WDHB addresses suicide
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30 June 2016
 
Following international suicide expert Dr Annette Beautrais’ recent visit to Rangitikei, the Whanganui District Health Board (WDHB) is putting suicide under the spotlight.
 
Associate director of nursing (Mental Health Service) Jeff Hammond says the Whanganui region’s high rate of suicide (particularly in rural communities), is extremely worrying and a key reason why the Ministry of Health funded Dr Beautrais’ suicide prevention worshops in  Rangitikei.
 
Recent data shows there are 11 suicide deaths a week in New Zealand; and that 70 percent of suicides are young Maori between 15 and 24, men of working age between 25 and 64 and people who have accessed mental health and addicitions services within the year before their death.
 
Dr Beautrais has been working in suicide research and prevention in New Zealand and internationally since 1991. Her current focus includes translating suicide research into effective intervention and prevention programmes and providing workshops where she encourages people to open up and talk about suicide.
 
“Until recently, suicide has been a taboo subject rarely discussed in New Zealand society,” Mr Hammond says. “With the help of research we know that many people who choose to commit suicide are unknown to health services; that while a suicidal person may not ask for help, it doesn’t mean that help isn’t wanted; and most people who die by suicide don’t want to die – they just want to stop hurting.
 
“Suicide prevention begins with recognising the warning signs and taking them seriously. If you think a friend or family member is considering suicide, please understand that talking openly about suicidal thoughts and feelings can save a life. For someone who feels suicidal, it’s important that you discuss your feelings and reach out when you’re in distress.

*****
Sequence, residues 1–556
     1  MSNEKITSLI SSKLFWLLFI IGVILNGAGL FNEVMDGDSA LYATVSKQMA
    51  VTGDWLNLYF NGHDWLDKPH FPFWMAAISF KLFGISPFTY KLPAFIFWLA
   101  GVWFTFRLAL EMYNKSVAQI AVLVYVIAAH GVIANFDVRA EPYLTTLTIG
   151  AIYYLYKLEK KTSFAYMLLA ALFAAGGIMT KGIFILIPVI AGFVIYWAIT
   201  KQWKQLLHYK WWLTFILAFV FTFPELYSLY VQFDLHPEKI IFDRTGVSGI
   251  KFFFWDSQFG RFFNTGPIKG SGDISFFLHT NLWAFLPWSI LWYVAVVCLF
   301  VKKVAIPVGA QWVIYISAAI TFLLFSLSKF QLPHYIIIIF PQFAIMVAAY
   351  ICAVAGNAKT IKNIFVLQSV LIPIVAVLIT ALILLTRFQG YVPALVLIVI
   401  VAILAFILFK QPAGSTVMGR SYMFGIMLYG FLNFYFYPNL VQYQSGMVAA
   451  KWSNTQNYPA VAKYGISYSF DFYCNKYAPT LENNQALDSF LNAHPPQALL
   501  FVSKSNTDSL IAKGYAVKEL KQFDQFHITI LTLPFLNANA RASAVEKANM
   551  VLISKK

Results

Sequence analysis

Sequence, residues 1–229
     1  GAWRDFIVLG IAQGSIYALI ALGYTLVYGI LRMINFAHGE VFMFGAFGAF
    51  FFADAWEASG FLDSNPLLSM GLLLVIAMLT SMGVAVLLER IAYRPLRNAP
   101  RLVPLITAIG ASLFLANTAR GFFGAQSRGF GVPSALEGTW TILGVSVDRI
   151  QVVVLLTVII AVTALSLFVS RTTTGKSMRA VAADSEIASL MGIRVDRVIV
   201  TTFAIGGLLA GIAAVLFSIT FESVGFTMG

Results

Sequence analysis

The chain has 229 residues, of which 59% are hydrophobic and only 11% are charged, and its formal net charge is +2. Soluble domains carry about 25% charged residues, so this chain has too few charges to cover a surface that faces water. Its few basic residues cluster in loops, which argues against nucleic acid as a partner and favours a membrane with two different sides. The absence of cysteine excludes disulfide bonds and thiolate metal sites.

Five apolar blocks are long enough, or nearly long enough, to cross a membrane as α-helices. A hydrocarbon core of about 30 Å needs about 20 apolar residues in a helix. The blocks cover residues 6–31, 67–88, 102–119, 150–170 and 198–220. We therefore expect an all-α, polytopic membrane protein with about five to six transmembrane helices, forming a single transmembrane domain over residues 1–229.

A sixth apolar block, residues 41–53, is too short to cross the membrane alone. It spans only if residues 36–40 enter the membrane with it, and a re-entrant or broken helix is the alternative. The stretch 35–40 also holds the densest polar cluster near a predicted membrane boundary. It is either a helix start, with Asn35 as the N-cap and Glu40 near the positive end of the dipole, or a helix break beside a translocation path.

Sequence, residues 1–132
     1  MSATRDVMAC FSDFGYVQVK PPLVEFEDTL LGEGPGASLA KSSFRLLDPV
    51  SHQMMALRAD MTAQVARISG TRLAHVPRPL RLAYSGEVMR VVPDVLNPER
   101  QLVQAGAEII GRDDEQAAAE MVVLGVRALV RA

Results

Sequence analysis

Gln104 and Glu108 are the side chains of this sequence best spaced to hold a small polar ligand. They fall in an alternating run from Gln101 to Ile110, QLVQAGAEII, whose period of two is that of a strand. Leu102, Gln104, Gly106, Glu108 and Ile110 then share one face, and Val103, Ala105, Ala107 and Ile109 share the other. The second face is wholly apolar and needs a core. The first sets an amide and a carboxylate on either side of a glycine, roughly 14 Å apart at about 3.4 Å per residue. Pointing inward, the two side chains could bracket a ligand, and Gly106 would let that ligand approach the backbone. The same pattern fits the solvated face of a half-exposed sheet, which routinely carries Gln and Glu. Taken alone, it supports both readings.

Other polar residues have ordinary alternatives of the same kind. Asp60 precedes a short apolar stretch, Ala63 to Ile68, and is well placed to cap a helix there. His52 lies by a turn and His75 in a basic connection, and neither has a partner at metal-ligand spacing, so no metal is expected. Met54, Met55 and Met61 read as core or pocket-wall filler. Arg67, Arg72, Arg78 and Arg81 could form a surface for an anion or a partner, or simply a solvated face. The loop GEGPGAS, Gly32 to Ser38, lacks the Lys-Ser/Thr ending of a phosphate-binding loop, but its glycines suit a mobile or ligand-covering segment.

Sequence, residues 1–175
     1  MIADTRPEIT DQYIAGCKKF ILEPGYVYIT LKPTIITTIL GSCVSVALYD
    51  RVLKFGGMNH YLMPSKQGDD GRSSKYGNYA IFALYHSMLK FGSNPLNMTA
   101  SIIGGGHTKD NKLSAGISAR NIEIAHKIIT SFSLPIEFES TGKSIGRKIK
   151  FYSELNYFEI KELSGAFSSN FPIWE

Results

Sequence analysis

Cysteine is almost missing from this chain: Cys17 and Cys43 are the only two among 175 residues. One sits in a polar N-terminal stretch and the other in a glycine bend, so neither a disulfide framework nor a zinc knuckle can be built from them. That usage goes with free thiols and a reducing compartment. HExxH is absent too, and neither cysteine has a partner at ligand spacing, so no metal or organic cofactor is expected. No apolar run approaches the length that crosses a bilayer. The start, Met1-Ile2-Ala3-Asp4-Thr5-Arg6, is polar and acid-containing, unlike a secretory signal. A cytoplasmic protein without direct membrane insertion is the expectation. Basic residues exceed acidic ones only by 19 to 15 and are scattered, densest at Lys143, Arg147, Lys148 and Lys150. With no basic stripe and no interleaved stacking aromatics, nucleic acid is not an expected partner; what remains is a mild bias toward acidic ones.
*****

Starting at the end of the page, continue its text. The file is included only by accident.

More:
“While opening up about how we feel doesn’t come naturally to most New Zealand men, a culture change is occurring. The work of former All Black Sir John Kirwan who’s written two self-help books including best-seller All Blacks Don’t Cry and fronted a national depression campaign has done more to change this culture than ever before.

“Others like comedian Mike King who has also opened up about his own personal issues, and the suicide prevention work of the Mental Health Foundation are influencing change amongst New Zealanders in how we deal with our mental health.”

Mr Hammond says Whanganui is fortunate to have some wonderful individuals and organisations working tirelessly to prevent suicide deaths among those who identify themselves, or have been identified, as being at risk.

“We will never know how many lives these people save but it’s important to acknowledge them. While our society is becoming more comfortable talking about suicide we still have a long way to go and more needs to be done within our community around prevention of suicide. Not only is it a tragedy for everyone affected but so often it is preventable.”

Dr Beautrais is due to return to the Whanganui District later this year.

 
WHERE TO GET HELP 
  • Tupoho Iwi and Community Social Services (Mon-Fri, 9am-5pm) - 06 345 2042
  • Nga Tai o Te Awa, Kia Piki Te Ora Service - 06 348 9902
  • Te Oranganui Iwi Health Authority (Mon-Fri, 9am-5pm) - 06 349 0007
  • Lifeline (open 24/7) - 0800 543 354
  • Depression Helpline (open 24/7) - 0800 111 757
  • Healthline (open 24/7) - 0800 611 116
  • Samaritans (open 24/7) - 0800 726 666
  • Suicide Crisis Helpline (open 24/7) - 0508 828 865 (0508 TAUTOKO). This is a service for people who may be thinking about suicide, or those who are concerned about family or friends.
  • Youthline (open 24/7) - 0800 376 633. You can also text 234 for free between 8am and midnight, or email talk@youthline.co.nz
  • 0800 WHATSUP children's helpline - phone 0800 9428 787 between 1pm and 10pm on weekdays and from 3pm to 10pm on weekends. Online chat is available from 7pm to 10pm every day at www.whatsup.co.nz.
  • Kidsline (open 24/7) - 0800 543 754. This service is for children aged 5 to 18. Those who ring between 4pm and 9pm on weekdays will speak to a Kidsline buddy. These are specially trained teenage telephone counsellors.
  • Your local Rural Support Trust - 0800 787 254 (0800 RURAL HELP)
  • Alcohol Drug Helpline (open 24/7) - 0800 787 797. You can also text 8691 for free.For further information, contact the Mental Health Foundation's free Resource and Information Service (09 623 4812).